Last week we got an email from a chap at The Sun asking why we didn’t have a poppy on our masthead in the run-up to 11 November.
Well, from the 8th to the 11th, we did. And what we told The Sun, who didn’t run a story on us in the end, was that if you want to know what this newspaper thinks about the Great War, you might recall that we devoted 100 days of coverage to it.
A History of the Great War in 100 Moments, edited by our associate editor, Richard Askwith, and widely acclaimed as one of the outstanding newspaper series of recent years, is now available as a book. The central question Richard set himself was: how do you capture an incomprehensibly vast conflict, which touched every corner of the earth, cost 18 million lives (at least) and started a century ago? The answer is you can’t, but by distilling it into 100 moments, and trying to see it through the eyes of those who experienced it, you can get close.
Among the rich archive materials, many of your favourite writers from this newspaper are there, from Andy McSmith, Boyd Tonkin and John Lichfield to Emily Dugan, Kathy Marks, Yasmin Alibhai-Brown, Patrick Cockburn, Robert Fisk, John Walsh and Rupert Cornwell. There are also contributions from Siegfried Sassoon, Robert Graves, Margot Asquith and Vera Brittain.
Perhaps my favourite paragraph came from Robert C Hoffman, a lieutenant with the US 28th Division. Returning to his family from the front line in Chateau-Thierry, he wrote: “My people at home, hearing of what I was passing through, expected me to come back hard, brutal, callous, careless. But I didn’t even want to take a dead mouse out of a trap when I was home. Yet over there I buried 78 men one morning.”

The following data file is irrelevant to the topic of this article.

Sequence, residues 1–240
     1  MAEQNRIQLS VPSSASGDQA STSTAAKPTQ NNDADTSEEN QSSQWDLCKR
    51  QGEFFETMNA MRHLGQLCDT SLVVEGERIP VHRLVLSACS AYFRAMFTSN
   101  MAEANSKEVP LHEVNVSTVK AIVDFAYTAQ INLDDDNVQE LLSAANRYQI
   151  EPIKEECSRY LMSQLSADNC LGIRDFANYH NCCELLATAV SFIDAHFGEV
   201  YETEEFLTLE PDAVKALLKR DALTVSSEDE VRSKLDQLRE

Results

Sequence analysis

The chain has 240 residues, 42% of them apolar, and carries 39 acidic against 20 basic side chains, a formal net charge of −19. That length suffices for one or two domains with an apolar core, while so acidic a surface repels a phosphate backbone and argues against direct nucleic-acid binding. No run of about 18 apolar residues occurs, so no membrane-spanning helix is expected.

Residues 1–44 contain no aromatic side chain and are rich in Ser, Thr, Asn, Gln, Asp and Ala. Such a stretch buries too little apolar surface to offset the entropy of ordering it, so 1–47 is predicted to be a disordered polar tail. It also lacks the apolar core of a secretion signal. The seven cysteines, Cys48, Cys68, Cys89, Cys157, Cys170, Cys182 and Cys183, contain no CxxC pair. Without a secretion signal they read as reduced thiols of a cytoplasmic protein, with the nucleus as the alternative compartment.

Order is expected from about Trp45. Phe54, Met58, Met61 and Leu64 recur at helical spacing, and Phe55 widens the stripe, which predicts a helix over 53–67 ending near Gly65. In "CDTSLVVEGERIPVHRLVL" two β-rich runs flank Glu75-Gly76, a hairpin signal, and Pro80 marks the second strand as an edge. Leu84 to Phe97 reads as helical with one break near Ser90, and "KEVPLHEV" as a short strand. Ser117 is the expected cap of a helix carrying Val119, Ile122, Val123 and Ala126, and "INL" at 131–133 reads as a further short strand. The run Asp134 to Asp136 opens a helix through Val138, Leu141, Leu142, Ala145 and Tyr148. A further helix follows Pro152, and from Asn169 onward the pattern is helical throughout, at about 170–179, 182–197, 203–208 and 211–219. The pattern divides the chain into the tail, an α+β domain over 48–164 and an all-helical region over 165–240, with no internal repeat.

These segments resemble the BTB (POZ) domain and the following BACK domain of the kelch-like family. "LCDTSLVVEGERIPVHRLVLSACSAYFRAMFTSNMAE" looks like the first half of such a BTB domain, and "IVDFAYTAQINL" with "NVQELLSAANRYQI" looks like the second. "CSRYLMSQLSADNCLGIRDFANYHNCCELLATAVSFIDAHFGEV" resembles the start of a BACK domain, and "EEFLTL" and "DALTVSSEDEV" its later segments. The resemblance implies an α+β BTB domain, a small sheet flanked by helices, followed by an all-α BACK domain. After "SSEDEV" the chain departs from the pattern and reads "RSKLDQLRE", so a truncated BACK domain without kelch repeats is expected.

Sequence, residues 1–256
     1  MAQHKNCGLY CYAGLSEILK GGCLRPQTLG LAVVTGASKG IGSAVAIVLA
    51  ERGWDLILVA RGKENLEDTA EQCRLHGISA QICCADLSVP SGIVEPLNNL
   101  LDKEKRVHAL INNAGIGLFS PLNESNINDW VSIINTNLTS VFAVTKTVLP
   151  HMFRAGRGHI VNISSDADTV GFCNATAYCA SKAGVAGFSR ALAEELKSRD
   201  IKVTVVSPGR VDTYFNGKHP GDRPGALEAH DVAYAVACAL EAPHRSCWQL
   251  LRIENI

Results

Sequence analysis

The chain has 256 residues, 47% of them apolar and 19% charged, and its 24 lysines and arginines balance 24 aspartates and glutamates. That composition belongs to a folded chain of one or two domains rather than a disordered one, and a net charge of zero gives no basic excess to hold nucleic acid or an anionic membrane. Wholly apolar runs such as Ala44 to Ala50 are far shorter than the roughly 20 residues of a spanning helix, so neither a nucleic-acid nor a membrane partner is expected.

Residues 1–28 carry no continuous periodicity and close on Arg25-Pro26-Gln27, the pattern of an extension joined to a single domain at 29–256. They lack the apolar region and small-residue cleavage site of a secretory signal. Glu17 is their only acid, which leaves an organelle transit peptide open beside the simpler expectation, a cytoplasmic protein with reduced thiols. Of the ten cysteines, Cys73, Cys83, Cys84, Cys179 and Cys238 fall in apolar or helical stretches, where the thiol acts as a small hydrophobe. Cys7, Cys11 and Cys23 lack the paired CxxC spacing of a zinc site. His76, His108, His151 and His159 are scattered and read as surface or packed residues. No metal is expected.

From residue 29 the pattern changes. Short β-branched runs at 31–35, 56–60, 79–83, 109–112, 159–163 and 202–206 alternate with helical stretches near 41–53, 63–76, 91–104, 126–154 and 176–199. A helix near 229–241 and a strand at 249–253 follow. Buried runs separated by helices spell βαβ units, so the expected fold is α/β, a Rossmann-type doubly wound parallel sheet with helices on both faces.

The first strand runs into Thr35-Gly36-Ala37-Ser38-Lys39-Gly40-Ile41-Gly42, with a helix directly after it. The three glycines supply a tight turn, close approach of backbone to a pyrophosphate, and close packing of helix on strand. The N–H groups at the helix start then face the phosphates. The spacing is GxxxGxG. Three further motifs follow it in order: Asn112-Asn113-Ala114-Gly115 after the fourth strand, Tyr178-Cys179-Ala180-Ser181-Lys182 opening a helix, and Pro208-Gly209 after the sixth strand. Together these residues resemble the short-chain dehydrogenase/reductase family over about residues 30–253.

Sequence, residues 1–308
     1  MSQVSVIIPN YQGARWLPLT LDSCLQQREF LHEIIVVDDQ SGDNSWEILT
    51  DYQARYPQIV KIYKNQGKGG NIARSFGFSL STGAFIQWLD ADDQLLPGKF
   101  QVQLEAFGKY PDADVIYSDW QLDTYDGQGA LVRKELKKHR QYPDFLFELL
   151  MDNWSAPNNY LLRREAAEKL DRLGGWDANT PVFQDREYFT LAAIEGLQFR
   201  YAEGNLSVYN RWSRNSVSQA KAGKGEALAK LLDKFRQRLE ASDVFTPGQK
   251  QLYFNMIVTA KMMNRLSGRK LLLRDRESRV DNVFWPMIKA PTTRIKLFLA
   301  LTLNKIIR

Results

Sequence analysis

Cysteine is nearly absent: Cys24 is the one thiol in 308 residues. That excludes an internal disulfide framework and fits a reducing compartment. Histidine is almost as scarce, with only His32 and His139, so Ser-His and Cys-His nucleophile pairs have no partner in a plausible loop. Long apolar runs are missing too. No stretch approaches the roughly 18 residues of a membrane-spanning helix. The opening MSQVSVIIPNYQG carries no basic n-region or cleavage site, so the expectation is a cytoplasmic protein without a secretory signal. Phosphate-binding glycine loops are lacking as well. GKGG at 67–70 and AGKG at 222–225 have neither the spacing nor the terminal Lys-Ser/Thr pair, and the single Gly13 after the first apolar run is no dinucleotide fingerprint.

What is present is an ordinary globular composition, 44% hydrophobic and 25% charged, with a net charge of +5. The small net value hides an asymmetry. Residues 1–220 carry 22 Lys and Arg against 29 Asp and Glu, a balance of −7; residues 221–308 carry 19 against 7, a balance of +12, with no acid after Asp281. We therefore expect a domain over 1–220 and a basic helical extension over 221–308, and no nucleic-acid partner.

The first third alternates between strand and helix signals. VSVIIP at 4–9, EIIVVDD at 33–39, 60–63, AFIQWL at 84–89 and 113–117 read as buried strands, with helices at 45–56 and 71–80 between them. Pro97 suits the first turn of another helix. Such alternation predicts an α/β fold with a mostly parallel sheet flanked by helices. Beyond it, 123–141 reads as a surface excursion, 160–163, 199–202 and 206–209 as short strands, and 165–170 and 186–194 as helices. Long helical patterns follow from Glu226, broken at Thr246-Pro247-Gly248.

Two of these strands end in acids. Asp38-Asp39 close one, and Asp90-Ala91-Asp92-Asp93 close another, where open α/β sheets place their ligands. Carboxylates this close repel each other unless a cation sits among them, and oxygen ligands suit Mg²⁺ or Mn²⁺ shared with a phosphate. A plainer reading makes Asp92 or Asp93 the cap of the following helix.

At other times, drops of good humour and irony mixed with the ocean of suffering. Chris Green, our senior reporter, wrote about the frankly amazing contribution of canine soldiers – that is, graduates of the British War Dog School. These mighty mutts were crucial in the war effort, because they could carry messages across battlefields faster th an any man or woman. I must admit I had no idea that one of the greatest heroes of Passchendaele was an old English sheepdog called Tweed.
Remembrance matters hugely to this newspaper, and I know from my mailbag how much it matters to all of you. That is why we have produced a stunning paperback edition of the series. Just post a cheque for £8.99 made out to Independent Print Limited to: Independent Syndication, Northcliffe House, 2 Derry Street, London W8 5HF. Of course, you can also buy it from Amazon, whether as paperback or ebook. It’s a Christmas present you and your family would treasure.